Post List

  • November 18, 2015
  • 12:42 PM

New data on SmartFlare – do they detect mRNA?

by Gal Haimovich in Green Fluorescent Blog

Almost exactly a year ago, I wrote a post regarding my concerns with SmartFlare, supposedly a novel method for live imaging of RNA in cells. In a nutshell, SmartFlare are gold nanoparticles covered in oligos specific to a certain mRNA … Continue reading →... Read more »

David Mason,, Gemma Carolan,, Marie Held,, Joan Comenge,, & Raphael Levy. (2015) The Spherical Nucleic Acids mRNA Detection Paradox. ScienceOpen Research. DOI: 10.14293/S2199-1006.1.SOR-CHEM.AZ1MJU.v1  

  • November 18, 2015
  • 12:22 PM

Early wrong ideas about how our glands work

by Rosin Cerate in Rosin Cerate

Let's talk about glands! These highly specialized bits of tissue put together and pump out useful compounds to ensure we stay healthy and can do the things animals do (aim to reproduce, mostly). Exocrine glands release fluids such as sweat, saliva, milk, tears, mucous, and bile into segments of our digestive tract or onto the surface of our skin (and eyes). Endocrine glands toss hormones and other regulatory molecules into our bloodstream, to be carried to distant locales bearing instructions to........ Read more »

López-Muñoz F, Molina J, Rubio G, & Alamo C. (2011) An historical view of the pineal gland and mental disorders. Journal of Clinical Neuroscience, 18(8), 1028-1037. DOI: 10.1016/j.jocn.2010.11.037  

  • November 18, 2015
  • 08:30 AM

Education about Cats may Reduce Feline Behaviour Problems

by CAPB in Companion Animal Psychology Blog

Behavioural advice for people with a new kitten is linked to a better-behaved pet at 1 year old.A new pet can be hard work, and if people don’t fully understand the needs of their animals, behaviour problems can result. A new study investigates whether education for owners at their first vet appointment is the answer. People with a new kitten (3 months old) were given 25 minutes of standardized advice on caring for cats. The study, by Angelo Gazzano et al (University of Pisa) compared the........ Read more »

  • November 18, 2015
  • 07:04 AM

Give Thanks For The Cranberry

by Mark Lasbury in As Many Exceptions As Rules

Here comes Thanksgiving! The cranberry is an amazing fruit on its own for several reasons. Its cultivation and botany are unusual, as is its seed dispersal mechanism and structure. However, a major push has been on to understand the medicinal uses of the cranberry. Much debate is taking place as to the usefulness of cranberry compounds, anthocyanidins and polyphenols, in the prevention of urinary tract infections. Cranberry is even having some success in type II diabetes and as an anti-viral age........ Read more »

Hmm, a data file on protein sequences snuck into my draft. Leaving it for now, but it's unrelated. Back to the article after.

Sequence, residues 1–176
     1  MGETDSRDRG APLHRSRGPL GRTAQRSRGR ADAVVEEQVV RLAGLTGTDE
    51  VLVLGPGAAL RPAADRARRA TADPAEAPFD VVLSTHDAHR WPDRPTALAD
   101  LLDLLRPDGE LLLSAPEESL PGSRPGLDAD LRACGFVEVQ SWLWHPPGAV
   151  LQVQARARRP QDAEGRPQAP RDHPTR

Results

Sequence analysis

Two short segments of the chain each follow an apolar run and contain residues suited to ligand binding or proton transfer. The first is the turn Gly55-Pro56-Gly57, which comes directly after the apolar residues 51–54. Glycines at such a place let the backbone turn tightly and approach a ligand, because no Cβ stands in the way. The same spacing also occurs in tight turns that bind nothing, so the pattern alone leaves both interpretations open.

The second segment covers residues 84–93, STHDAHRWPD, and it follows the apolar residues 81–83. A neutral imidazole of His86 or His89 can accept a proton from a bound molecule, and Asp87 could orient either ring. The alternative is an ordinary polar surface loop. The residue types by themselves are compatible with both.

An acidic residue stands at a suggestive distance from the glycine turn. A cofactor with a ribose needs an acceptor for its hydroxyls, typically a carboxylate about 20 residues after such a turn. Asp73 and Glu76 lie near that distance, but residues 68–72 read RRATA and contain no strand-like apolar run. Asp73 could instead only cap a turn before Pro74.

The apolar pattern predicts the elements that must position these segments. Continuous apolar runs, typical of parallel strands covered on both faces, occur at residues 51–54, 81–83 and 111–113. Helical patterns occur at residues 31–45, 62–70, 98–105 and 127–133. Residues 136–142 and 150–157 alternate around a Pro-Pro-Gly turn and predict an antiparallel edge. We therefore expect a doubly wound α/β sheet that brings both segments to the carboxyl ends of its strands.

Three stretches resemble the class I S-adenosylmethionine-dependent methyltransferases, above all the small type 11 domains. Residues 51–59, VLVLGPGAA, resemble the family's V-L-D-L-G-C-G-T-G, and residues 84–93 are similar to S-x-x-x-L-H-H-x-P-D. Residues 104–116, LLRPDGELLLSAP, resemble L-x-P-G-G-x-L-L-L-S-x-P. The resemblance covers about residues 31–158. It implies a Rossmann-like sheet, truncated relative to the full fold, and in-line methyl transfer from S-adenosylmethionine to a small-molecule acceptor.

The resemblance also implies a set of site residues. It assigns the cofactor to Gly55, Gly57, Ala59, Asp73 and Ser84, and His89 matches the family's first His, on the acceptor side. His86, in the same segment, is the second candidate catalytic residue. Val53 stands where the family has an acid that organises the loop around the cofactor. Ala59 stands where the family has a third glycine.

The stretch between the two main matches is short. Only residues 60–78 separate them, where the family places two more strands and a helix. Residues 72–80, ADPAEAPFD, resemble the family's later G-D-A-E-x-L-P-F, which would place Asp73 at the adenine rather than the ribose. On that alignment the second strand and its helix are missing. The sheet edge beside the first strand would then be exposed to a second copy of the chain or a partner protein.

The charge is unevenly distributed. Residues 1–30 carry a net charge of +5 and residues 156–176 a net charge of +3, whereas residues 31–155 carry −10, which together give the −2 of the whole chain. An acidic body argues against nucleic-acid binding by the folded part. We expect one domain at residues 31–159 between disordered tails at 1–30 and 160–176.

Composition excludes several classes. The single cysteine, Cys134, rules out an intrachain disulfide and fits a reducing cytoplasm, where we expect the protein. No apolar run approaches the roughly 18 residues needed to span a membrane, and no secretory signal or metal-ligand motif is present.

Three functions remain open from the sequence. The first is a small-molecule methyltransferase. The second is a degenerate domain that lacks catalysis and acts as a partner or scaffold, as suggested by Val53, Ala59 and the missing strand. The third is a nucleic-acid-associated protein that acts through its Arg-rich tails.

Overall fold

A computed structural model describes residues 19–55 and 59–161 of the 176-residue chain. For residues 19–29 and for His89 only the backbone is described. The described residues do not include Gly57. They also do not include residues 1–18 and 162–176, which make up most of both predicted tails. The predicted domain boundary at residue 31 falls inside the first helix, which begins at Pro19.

Ruel G, Lapointe A, Pomerleau S, Couture P, Lemieux S, Lamarche B, & Couillard C. (2013) Evidence that cranberry juice may improve augmentation index in overweight men. Nutrition research (New York, N.Y.), 33(1), 41-9. PMID: 23351409  

Shidfar F, Heydari I, Hajimiresmaiel SJ, Hosseini S, Shidfar S, & Amiri F. (2012) The effects of cranberry juice on serum glucose, apoB, apoA-I, Lp(a), and Paraoxonase-1 activity in type 2 diabetic male patients. Journal of research in medical sciences : the official journal of Isfahan University of Medical Sciences, 17(4), 355-60. PMID: 23267397  

  • November 18, 2015
  • 07:02 AM

The Motivation to Express Prejudice Scale 

by Doug Keene in The Jury Room

We hear a lot more these days about covert or “modern prejudice” than we do about plain old overt prejudice. So it’s a little surprising to see this measure but it makes sense. There are some people who do want to express prejudice and here is a scale you can use to measure their wishes […]

Related posts:
Detecting Deception Using the Law of Sufficient Motivation
The Bias Awareness Scale 
The Generic Conspiracist Beliefs Scale 

... Read more »

Forscher PS, Cox WT, Graetz N, & Devine PG. (2015) The motivation to express prejudice. Journal of Personality and Social Psychology, 109(5), 791-812. PMID: 26479365  

  • November 18, 2015
  • 05:16 AM

What happens when you fall in love with someone who's aggressive?

by BPS Research Digest in BPS Research Digest

Does experiencing aggression in a relationship make us more vigilant against it – or more forgiving? New research published recently in the Journal of Personality and Social Psychology suggests that when we want to keep our partner badly enough, we redefine the levels of aggression that we believe it is justifiable to endure.Aggression can manifest in obvious violations such as controlling behaviours or physical violence, but also includes more common behaviours – denigrating a partner, or t........ Read more »